6:1 And 1 it came to pass on the second sabbath after the first, that he went through the corn fields; and his disciples a plucked the ears of corn, and did eat, rubbing [them] in [their] hands.
(1) Christ shows against the superstitious, who dwell on every trifling matter, that the law of the very sabbath was not given to be kept without exception: much less that the salvation of man should consist in the outward keeping of it. 6:6 2 And it came to pass also on another sabbath, that he entered into the synagogue and taught: and there was a man whose right hand was withered.
(a) Epiphanius notes well in his treatise, where he refutes Ebion, that the time when the disciples plucked the ears of the corn was in the feast of unleavened bread. Now, in those feasts which were kept over a period of many days, as the feast of tabernacles and passover, their first day and the last were very solemn; see ( Leviticus 23:1-44 ). Luke then fitly calls the last day the second sabbath, though Theophylact understands it to be any of the sabbaths that followed the first.
(2) Charity is the rule of all ceremonies. 6:9 Then said Jesus unto them, I will ask you one thing; Is it lawful on the sabbath days to do good, or to do evil? to save life, or to b destroy [it]?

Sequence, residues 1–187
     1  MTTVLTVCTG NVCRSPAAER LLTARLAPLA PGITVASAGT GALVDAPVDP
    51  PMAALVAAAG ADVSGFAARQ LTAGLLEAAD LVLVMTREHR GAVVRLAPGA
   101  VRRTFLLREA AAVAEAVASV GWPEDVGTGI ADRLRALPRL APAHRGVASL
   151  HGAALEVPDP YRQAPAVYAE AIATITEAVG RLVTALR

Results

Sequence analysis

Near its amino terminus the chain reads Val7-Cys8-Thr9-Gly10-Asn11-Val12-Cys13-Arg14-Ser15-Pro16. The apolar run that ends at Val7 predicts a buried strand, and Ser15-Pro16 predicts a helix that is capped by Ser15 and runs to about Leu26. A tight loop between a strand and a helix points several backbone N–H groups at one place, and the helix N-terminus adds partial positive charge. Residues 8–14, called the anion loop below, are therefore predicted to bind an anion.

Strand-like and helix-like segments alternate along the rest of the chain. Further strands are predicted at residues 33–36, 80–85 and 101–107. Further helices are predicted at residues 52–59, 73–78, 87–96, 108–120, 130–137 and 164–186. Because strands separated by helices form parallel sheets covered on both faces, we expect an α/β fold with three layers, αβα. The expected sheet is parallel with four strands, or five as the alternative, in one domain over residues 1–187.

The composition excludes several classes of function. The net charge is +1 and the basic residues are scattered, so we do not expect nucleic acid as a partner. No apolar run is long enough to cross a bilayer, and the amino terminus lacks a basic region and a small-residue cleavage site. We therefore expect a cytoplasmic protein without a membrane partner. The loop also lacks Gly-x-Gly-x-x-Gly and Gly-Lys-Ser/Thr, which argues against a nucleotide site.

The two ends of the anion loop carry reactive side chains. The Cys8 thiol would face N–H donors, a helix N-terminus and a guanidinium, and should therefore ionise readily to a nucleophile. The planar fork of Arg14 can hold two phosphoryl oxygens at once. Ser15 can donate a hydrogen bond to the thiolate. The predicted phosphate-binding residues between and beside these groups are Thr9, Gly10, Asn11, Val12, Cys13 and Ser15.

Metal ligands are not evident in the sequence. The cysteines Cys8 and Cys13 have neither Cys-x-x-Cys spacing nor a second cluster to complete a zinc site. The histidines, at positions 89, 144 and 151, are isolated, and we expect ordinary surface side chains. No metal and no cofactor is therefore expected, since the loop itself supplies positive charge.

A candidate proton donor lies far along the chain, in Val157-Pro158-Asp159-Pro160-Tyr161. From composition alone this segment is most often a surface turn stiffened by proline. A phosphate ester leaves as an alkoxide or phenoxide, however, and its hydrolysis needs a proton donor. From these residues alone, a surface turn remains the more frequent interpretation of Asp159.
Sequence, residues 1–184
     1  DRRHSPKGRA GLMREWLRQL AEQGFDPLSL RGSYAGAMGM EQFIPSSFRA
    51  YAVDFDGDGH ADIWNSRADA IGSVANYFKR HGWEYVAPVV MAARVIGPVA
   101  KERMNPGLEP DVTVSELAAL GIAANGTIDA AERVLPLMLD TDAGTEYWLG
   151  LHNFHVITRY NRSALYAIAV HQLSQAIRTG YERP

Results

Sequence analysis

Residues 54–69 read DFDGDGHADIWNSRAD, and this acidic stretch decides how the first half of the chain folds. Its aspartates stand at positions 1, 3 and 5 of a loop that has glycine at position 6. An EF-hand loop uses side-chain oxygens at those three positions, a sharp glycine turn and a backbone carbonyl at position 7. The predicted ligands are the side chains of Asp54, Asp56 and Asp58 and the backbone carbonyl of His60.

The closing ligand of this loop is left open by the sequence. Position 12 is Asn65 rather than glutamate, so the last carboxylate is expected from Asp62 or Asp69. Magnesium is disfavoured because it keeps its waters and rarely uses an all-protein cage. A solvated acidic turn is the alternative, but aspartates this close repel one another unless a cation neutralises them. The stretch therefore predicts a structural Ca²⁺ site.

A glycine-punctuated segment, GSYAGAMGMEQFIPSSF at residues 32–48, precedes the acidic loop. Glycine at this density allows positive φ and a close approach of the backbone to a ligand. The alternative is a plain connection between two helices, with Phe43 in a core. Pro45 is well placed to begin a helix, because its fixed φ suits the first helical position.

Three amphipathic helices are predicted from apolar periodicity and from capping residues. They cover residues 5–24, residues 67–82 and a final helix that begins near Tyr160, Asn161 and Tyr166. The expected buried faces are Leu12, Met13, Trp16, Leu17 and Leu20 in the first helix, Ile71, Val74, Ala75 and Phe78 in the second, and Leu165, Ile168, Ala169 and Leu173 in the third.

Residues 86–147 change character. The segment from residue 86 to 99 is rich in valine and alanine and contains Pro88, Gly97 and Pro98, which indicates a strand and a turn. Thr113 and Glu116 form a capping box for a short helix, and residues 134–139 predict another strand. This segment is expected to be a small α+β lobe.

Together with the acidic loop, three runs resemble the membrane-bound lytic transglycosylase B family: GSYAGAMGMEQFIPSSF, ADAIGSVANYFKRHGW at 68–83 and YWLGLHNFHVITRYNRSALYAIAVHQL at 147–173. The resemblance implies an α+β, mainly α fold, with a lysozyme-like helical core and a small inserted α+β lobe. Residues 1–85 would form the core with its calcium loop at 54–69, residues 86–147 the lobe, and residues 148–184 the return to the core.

(b) Whoever does not help his neighbour when he can, he kills him. 6:12 3 And it came to pass in those days, that he went out into a mountain to pray, and continued all night in prayer to God.
(3) In using earnest and long prayer in choosing twelve of his own company to the office of the apostleship, Christ shows how religiously we ought to behave ourselves in the choice of ecclesiastical persons. 6:17 And he came down with them, and stood in the plain, and the company of his disciples, and a great multitude of people out of all Judaea and Jerusalem, and from the c sea coast of Tyre and Sidon, which came to hear him, and to be healed of their diseases;
(c) From all the sea coast, which is called Syrophoenecia. 6:20 4 And he lifted up his eyes on his disciples, and said, Blessed [be ye] poor: for yours is the kingdom of God.
(4) Christ teaches against all philosophers, and especially the Epicureans, that the greatest happiness of man is laid up in no place here on earth, but in heaven, and that persecution for righteousness sake is the right way to achieve it. 6:22 Blessed are ye, when men shall hate you, and when they shall d separate you [from their company], and shall reproach [you], and cast out your name as evil, for the Son of mans sake.
6:23 Rejoice ye in that day, and e leap for joy: for, behold, your reward [is] great in heaven: for in the like manner did their fathers unto the prophets.
(d) Cast you out of their synagogues, as John expounds in ( John 16:2 ), which is the severest punishment the Church has, if the elders judge rightfully, and by the word of God.
(e) Leap for exceeding joy, as cattle do who are spurred on by food. 6:24 But woe unto you that are rich! for ye have f received your consolation.